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Over the last four decades, amid soaring health care and education costs, local governments have been saddled with supporting 67 per cent of infrastructure costs
We all take infrastructure for granted —until something goes wrong.
Remember the infamous blackout of August 2003, when most of Ontario and the northeastern United States were plunged into darkness? The power outage was caused by a deteriorating grid that buckled under the pressure of increased demand.
More recently, in July 2013, the worst flash flood in Toronto’s history dumped 126 millimetres of rain on Canada’s largest city, cutting power to hundreds of thousands of homes, halting subway and GO Train service, flooding roads, and causing over-loaded pipes to back-up into people’s basements.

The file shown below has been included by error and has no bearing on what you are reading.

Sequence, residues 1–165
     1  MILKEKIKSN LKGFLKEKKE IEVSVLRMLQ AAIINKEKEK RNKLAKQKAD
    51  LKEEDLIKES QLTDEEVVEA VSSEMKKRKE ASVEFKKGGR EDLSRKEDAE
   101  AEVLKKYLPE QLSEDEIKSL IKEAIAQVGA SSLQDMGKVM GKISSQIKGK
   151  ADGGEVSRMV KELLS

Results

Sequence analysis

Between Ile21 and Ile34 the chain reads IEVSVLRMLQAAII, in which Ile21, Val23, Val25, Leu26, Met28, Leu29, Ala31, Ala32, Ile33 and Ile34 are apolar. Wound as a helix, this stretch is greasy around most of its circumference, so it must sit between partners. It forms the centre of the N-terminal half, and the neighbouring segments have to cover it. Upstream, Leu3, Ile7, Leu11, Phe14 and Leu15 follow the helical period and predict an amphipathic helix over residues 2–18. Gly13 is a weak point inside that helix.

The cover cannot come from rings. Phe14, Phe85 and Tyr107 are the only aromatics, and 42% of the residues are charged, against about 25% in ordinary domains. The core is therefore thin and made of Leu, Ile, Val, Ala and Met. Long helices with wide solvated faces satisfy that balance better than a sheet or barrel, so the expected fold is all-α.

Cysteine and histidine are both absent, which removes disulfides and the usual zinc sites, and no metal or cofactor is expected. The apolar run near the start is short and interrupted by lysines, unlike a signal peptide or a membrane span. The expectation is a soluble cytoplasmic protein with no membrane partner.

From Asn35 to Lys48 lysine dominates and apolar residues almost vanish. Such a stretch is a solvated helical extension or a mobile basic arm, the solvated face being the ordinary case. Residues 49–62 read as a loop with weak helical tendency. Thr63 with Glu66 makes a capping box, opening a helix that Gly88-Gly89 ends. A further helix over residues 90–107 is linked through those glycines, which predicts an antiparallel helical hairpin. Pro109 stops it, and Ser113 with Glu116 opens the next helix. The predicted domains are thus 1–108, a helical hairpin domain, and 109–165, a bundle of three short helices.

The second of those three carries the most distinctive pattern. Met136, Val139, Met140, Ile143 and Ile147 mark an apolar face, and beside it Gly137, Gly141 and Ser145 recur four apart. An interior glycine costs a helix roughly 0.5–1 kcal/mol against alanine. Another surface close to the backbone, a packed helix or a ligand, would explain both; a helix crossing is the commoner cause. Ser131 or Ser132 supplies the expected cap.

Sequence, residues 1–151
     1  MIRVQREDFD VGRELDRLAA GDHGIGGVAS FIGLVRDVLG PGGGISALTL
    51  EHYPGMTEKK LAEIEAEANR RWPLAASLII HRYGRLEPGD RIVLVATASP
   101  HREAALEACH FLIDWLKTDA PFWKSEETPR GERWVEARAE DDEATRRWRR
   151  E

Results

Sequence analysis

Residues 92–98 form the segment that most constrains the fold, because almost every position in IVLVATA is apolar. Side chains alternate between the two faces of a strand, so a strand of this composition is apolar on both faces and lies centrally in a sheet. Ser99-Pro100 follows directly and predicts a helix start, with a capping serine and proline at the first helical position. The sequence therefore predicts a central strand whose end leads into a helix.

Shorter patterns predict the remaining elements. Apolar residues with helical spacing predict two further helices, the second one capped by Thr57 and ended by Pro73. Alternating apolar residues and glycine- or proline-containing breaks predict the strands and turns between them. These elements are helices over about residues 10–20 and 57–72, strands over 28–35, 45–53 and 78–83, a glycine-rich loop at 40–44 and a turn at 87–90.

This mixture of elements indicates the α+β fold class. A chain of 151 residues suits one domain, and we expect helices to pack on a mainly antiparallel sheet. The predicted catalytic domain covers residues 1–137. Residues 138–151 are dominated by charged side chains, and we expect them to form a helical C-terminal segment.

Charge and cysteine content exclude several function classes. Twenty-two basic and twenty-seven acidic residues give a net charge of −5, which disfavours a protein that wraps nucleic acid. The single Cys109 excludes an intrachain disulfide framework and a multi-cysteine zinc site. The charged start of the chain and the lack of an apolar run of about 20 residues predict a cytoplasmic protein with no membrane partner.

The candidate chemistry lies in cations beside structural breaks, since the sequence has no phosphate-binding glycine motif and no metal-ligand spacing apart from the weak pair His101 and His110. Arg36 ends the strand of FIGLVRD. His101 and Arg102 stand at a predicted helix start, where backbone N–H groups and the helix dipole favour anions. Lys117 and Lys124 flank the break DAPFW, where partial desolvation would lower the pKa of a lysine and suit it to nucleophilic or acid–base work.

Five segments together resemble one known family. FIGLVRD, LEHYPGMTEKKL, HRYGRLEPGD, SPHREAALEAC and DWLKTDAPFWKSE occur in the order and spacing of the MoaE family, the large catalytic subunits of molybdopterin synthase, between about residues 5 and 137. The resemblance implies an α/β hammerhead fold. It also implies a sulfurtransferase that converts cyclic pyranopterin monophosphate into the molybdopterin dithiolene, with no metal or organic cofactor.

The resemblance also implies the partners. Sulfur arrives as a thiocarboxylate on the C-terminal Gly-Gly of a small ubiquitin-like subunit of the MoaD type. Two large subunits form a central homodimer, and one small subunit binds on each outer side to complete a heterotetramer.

Both are harrowing examples of circumstances where aging and under-funded infrastructure couldn’t keep up and Toronto, the nation’s economic powerhouse, was all but shut down as a result.
Fundamental to civic growth
“Infrastructure enables our cities to function, yet you don’t think about it until there’s a problem,” says Giovanni Cautillo, executive director of both the Ontario Sewer and Watermain Construction Association and the Greater Toronto Sewer and Watermain Contractors’ Association. “When things are working fine everyone takes infrastructure for granted.”
Infrastructure like the kind Cautillo and his members deal with on a daily basis—the pipes that bring us fresh clean water and take away the dirty stuff—is, not something we notice, even though it’s fundamental to our daily lives. […]